Mutual funds are a popular investment option in which a group of investors pools money to hire a portfolio manager, who in turn buys stocks, bonds and other securities. This diversifies your portfolio at a reduced risk, limiting your reliance on one stock or sector. You have to make some important decisions before you invest in a mutual fund. Do you choose a no-load fund or a load fund? Learning as much as you can about your options should serve as a starting point.
Load or no-load?
In the case of load funds, you pay a fee for an adviser or broker’s time and expertise in choosing the investment options. The sales commission comes out of the funds you plan to invest before it enters into the mutual fund (front-end loads) or is taken when the shares are redeemed (back-end load or contingent deferred sales charge). If you go with a level-load, the commission is taken out annually for the duration of the fund.
No-load mutual funds cut out the middle man. The investment company distributes the shares directly, getting rid of the commission or sales charge that comes with an investment adviser or broker.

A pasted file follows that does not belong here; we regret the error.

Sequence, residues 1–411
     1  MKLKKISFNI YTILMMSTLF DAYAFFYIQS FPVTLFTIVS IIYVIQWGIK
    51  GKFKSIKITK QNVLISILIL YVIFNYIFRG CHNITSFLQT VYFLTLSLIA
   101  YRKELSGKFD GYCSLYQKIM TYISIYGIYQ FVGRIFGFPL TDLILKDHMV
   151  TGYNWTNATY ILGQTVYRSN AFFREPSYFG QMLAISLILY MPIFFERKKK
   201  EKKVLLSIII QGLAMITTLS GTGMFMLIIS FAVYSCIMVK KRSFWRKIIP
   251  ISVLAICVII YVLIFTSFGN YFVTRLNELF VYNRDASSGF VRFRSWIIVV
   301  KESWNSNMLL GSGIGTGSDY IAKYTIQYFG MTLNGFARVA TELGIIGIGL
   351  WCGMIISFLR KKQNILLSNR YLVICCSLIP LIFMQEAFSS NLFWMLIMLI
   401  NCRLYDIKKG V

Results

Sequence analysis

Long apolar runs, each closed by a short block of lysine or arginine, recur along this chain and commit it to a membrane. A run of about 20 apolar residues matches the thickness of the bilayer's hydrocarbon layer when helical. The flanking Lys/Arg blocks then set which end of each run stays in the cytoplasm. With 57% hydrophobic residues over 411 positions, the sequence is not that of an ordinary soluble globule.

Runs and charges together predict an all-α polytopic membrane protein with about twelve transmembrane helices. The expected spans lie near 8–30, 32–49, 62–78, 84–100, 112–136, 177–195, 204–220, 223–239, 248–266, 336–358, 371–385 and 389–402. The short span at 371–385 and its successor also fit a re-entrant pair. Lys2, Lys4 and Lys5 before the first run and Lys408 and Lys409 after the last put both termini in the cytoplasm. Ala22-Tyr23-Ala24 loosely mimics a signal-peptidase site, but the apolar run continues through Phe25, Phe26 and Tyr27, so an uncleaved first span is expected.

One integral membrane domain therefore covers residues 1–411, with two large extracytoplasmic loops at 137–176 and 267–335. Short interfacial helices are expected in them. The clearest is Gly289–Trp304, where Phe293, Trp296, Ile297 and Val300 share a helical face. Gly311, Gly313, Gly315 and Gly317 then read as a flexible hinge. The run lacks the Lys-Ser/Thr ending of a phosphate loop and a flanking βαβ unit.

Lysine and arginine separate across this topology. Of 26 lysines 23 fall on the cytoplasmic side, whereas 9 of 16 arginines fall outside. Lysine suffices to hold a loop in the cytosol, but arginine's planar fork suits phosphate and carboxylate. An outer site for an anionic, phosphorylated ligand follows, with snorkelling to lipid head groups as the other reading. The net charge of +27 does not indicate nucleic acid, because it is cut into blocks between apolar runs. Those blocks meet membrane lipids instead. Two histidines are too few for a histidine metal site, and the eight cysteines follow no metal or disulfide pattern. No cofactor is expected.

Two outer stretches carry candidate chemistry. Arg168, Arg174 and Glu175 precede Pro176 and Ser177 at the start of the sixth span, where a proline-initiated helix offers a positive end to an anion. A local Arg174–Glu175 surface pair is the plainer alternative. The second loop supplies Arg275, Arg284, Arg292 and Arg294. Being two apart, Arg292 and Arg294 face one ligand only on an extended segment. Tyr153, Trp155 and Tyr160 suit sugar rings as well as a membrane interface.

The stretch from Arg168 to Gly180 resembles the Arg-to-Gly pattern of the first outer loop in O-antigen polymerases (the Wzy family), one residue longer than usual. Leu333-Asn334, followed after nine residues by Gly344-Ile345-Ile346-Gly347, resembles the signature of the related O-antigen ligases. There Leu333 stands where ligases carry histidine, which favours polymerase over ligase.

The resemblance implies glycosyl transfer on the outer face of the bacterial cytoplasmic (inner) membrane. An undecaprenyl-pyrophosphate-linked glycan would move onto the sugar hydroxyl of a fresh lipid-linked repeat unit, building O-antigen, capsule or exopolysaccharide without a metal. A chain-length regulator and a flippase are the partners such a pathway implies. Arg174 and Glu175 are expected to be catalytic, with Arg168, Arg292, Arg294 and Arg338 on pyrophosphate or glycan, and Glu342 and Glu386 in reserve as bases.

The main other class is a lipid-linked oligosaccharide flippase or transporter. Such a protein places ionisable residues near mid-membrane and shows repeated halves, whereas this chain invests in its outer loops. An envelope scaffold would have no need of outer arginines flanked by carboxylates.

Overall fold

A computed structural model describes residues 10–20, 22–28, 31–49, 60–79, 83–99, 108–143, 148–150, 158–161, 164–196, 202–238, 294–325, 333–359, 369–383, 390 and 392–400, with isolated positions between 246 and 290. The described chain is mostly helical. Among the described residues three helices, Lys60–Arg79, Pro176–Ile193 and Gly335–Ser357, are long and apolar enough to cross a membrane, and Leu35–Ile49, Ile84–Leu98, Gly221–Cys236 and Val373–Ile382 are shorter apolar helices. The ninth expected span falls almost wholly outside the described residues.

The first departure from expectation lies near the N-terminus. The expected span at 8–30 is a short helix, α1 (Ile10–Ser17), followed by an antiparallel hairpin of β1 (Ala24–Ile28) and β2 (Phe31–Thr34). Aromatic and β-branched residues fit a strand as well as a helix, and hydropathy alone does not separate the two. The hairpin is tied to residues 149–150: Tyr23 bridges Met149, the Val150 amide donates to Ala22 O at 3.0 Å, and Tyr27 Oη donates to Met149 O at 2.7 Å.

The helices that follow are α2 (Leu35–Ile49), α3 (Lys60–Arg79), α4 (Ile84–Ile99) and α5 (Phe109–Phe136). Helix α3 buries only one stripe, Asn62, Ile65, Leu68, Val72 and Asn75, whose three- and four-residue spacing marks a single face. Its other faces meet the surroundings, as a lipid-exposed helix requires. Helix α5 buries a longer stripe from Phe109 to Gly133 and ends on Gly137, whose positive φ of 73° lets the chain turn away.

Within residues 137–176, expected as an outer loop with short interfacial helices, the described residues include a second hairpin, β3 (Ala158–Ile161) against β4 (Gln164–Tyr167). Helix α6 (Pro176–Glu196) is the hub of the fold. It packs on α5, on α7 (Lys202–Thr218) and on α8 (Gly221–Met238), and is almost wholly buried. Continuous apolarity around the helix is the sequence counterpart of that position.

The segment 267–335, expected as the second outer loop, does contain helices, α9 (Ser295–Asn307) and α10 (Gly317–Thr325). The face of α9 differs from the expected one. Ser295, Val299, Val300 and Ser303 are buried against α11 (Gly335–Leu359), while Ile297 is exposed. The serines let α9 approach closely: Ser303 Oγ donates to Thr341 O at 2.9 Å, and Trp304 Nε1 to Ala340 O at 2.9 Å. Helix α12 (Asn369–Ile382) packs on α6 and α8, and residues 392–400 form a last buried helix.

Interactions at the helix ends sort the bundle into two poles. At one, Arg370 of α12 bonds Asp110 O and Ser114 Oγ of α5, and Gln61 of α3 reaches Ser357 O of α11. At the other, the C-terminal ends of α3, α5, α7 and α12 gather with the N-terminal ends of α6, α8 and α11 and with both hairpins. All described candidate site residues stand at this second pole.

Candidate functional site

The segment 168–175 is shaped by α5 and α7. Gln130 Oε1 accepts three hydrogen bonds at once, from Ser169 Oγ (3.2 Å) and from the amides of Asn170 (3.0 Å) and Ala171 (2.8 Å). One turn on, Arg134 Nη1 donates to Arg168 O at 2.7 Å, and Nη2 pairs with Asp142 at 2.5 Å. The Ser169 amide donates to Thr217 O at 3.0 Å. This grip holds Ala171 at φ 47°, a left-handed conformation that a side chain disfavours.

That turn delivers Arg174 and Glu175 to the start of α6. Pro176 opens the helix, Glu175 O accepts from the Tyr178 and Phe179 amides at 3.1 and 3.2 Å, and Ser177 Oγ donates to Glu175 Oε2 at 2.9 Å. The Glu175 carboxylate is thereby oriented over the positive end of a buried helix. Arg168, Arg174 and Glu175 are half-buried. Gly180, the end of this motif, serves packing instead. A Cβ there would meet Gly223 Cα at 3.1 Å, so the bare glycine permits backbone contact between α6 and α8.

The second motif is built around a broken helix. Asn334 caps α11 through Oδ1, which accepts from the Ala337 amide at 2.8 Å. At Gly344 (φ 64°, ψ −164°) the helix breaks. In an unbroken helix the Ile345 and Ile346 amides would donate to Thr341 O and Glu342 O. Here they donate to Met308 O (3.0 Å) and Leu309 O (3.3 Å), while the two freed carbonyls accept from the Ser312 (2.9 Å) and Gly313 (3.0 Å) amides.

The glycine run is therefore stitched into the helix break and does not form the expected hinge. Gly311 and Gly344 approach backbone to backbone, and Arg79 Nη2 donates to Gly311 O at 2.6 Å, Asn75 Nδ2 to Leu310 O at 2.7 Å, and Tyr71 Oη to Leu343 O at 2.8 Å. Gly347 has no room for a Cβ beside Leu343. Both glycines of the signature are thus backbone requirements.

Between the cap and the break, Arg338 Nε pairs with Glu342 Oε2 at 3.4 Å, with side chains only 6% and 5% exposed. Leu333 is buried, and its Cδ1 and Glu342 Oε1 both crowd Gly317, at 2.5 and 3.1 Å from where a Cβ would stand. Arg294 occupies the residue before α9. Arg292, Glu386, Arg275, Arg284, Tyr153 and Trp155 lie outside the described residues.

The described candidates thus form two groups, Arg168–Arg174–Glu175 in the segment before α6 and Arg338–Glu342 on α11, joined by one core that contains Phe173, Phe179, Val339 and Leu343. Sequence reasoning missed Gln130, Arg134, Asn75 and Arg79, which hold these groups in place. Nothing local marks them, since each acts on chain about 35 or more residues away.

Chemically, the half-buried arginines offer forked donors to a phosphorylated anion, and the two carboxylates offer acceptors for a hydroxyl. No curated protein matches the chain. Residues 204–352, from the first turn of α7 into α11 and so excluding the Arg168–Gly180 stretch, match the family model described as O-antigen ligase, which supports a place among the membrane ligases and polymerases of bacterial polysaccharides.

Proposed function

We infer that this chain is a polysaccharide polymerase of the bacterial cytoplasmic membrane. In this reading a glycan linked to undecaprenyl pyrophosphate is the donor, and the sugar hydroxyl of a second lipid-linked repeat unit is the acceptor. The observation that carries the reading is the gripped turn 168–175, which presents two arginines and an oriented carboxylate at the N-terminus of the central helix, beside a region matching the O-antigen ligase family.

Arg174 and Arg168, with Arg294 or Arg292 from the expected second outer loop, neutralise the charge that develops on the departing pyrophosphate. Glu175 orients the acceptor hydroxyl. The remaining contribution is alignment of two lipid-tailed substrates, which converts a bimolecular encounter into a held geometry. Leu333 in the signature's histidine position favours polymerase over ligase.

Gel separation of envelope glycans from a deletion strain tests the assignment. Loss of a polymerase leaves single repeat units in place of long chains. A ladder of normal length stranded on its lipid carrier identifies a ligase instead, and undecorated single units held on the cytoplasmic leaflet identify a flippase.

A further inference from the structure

You may dodge the sales charge with a no-load mutual fund, but you still have to pay some fees. Any fund brings with it operating expenses. According to the Securities and Exchange Commission, no-load funds may charge purchase, redemption, exchange and account fees. Some funds charge shareholders purchase fees when buying their stocks. Redemption fees are often put in place to discourage short-term trading. An exchange fee may be charged for transfers within the same group of funds. The fund may levy an account fee for the maintenance of accounts that are valued under a certain dollar amount. Since you are going to have to pay seemingly extra costs no matter which option you choose, you should look at the role that different fees will play and not just focus on loads.
If you want to invest in a no-load mutual fund, first examine the fine print to see how the fees will affect your returns. You can use a mutual fund calculator to get a clearer picture of the long-term impact of different fees and charges on your money.
Which one should I choose?
Some investors opt to go with load funds because they lack confidence in their own ability to make smart investment choices. Others simply do not have the time to put in the hours of research often required when deciding where and in what to invest. Another pro-load funds argument is that advisers serve to prevent investors from making impulsive decisions.
Others want to take control of their money, so they may decide on a no-load mutual fund. Maybe they do not trust financial advisers and would rather make all of their own decisions. Some see no-load funds as the best option because there are lower fees and fewer expenses. Thanks to the Internet, there is the option of investing in a no-load fund completely on your own through an online broker, which makes it easier than it was in the past.
So which one should you choose? Lay everything out in front of you and see which best lines up with your financial goals.